Results

The results for individual studies are listed in Table 2. The results of the three meta-analyses are summarized in Table 3. As can be seen from column ρ, estimates for all population correlations were close to (and not significantly different from) zero, and all upper limits of the 95% CI were r < 0.09. Estimates for random variance around ρ were zero or small, and not statistically significant. Therefore, no attempt was made to explain differences across study results via meta-regression. Results remained basically unchanged when: the female and mixed-sex samples (k = 4) were removed (cf. Table 3); when an unusual sample of male-to-female transsexuals was removed (detailed results not shown here); or when all of the previous were excluded from analysis (detailed results not shown here).

TABLE 2
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Table 2. Primary studies investigating the relationship between 2D:4D and CAGn.

TABLE 3
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Table 3. Results of meta-analyses for the relationship between CAGn and 2D:4D.

Discussion

Estimates for the population correlations between CAGn and 2D:4D were close to zero and not statistically significant, and even a liberal viewpoint suggests that any relationship is at best very small (largest upper limit for 95% CI in the full data set r = 0.08). None or little (and statistically non-significant) random variance was observed. Therefore, sampling error suffices to explain the mixture of significant and non-significant findings and there is no reason to assume that the former meaningfully differ from the latter (35). As mentioned in the method section, the Loehlin et al. (30) and the Knickmeyer et al. (29) samples contained numerous sib-pairs, and this was not reflected in the weighting of these samples in the current analyses. However, Table 1 shows that the results for these samples were either close to the estimates for ρ or else had very small sample sizes and therefore had little impact on ρ estimates in the first place; consequently, somewhat reduced weights for these samples would not have meaningfully altered the outcome of any of the analyses or any conclusions drawn. This is also illustrated by the result of the analysis that excluded mixed-sex samples (i.e., the three Knickmeyer et al. (29) samples).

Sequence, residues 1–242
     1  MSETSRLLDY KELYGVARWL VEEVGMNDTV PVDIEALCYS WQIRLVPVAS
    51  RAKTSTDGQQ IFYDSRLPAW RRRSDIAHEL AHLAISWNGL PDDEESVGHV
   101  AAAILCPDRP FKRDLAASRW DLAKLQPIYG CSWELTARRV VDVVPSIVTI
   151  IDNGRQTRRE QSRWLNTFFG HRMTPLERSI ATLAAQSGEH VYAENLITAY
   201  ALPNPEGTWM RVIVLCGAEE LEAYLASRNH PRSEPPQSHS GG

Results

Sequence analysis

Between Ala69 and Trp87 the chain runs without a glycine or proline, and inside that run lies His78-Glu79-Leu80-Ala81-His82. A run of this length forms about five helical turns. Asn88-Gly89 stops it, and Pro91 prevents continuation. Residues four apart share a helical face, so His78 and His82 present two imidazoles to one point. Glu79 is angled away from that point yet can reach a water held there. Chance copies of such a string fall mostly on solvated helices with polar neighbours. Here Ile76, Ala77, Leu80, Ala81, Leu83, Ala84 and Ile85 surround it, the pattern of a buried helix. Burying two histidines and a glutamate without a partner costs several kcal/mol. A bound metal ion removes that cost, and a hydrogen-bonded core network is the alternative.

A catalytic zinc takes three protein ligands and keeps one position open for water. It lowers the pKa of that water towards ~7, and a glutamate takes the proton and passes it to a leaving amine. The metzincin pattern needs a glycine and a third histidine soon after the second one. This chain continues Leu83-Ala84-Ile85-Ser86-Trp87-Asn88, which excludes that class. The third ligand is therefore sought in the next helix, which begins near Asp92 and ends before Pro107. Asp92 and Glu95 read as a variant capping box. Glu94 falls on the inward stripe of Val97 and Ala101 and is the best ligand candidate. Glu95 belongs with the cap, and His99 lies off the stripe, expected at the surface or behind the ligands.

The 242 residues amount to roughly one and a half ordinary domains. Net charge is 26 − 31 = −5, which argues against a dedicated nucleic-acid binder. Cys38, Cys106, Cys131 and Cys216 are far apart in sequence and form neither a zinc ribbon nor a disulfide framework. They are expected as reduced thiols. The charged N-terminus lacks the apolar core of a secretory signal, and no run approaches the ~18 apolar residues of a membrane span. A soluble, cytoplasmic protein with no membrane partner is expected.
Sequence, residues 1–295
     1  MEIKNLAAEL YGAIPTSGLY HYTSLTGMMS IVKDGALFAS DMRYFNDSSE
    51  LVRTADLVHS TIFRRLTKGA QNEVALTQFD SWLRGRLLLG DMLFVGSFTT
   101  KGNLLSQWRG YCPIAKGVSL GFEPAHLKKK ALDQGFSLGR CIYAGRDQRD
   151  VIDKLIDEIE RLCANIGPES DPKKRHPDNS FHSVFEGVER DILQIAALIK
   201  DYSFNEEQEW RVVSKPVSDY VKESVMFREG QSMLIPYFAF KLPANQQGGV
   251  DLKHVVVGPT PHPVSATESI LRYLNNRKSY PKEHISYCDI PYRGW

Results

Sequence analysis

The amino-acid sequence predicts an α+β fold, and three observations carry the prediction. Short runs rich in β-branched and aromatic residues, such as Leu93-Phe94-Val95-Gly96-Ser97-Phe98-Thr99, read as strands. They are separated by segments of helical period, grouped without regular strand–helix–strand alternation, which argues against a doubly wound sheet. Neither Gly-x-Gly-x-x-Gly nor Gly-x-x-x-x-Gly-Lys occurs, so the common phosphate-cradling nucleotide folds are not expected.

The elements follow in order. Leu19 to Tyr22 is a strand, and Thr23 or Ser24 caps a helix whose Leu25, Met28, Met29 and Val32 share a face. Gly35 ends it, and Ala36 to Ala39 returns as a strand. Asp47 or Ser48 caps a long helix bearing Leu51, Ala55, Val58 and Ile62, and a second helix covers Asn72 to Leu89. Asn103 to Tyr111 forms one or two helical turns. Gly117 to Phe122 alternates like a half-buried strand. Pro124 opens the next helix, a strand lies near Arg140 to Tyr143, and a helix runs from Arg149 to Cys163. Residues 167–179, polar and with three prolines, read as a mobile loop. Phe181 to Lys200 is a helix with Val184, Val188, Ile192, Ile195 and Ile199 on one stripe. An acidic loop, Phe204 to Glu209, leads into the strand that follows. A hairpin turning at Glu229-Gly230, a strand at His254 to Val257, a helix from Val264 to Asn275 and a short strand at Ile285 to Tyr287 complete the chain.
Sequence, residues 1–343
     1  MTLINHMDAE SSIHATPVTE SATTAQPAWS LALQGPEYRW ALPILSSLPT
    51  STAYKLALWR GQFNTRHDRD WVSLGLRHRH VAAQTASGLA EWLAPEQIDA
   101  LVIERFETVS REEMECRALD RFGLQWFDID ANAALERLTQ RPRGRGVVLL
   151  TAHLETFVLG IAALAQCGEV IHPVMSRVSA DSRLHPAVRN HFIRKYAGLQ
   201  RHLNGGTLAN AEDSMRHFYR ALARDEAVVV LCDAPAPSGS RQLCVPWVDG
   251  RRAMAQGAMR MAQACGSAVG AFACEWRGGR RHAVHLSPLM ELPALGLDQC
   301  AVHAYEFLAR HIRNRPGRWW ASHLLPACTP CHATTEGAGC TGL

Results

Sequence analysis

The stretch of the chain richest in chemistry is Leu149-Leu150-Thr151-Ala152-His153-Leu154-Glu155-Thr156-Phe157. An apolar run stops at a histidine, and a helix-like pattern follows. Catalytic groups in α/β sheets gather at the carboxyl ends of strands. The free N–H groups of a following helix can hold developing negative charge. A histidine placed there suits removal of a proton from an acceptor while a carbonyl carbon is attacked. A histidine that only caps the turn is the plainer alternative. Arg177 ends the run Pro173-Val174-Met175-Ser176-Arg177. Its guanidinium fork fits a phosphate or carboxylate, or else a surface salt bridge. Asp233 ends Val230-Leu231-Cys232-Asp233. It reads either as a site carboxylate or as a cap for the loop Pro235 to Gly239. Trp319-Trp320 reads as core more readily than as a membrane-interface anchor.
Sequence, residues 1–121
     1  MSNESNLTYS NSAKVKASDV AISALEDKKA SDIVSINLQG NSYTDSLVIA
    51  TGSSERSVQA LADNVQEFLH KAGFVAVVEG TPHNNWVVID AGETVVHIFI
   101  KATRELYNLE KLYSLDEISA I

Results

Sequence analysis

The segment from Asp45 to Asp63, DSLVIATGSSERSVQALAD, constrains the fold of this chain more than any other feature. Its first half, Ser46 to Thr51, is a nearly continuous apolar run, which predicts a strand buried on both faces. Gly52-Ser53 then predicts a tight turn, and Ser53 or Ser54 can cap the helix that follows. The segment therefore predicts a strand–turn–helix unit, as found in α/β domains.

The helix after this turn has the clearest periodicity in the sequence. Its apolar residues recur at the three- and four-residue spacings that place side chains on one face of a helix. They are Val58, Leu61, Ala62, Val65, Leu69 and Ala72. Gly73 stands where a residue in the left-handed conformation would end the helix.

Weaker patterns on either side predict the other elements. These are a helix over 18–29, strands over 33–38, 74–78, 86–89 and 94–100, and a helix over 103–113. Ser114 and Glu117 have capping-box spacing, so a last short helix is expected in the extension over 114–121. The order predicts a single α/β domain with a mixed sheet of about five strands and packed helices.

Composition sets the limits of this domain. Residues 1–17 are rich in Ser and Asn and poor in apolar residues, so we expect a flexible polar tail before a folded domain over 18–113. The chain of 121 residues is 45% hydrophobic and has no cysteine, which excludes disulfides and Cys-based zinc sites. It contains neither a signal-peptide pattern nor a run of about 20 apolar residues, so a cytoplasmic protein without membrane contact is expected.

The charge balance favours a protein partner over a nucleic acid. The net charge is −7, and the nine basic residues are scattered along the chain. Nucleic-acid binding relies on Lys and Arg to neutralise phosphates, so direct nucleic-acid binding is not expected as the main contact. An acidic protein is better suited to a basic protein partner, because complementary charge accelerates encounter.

Overall, the evidence is quite clear then that 2D:4D and CAGn show no substantial relationship. What does this mean for the validity of 2D:4D as a marker of prenatal T effects? Several authors argued that a relationship between CAGn and 2D:4D is to be expected if the latter indeed reflects prenatal T effects (5, 16, 17), the logic being that if variables A and B correlate, and variables B and C do as well, then a correlation between A and C should emerge. However, if rAB = 0.40 and rBC = 0.20, a reasonable expectation for rAC is 0.08, and to differentiate this empirically from the null hypothesis (r = 0.00) is difficult.

There is considerable indirect evidence that the link between CAGn and T effects is weak, which is relevant in this context. First, as discussed in the introduction, in vitro studies suggest that each additional CAGn repeat lowers T effectiveness by about 2% (cf. Table 1). Thus, a one standard deviation in CAGn [which is about 3.5, Ref. (20)] would result in a T effect change of only about 7% in vitro. Changes of this magnitude might only have a moderate effect on 2D:4D: when Berenbaum et al. (4) looked at the effect of a 100% change in T effects by comparing typically developing men with genetic males affected from complete androgen insensitivity syndrome, the group difference in 2D:4D was about d = 0.5, which is equivalent to a correlation of r = 0.2411. Moreover, in vitro studies might overestimate the effects of CAGn in vivo, where lower androgen sensitivity due to higher CAGn appears to be counterbalanced by higher circulating T levels, at least in adult men (36, 37).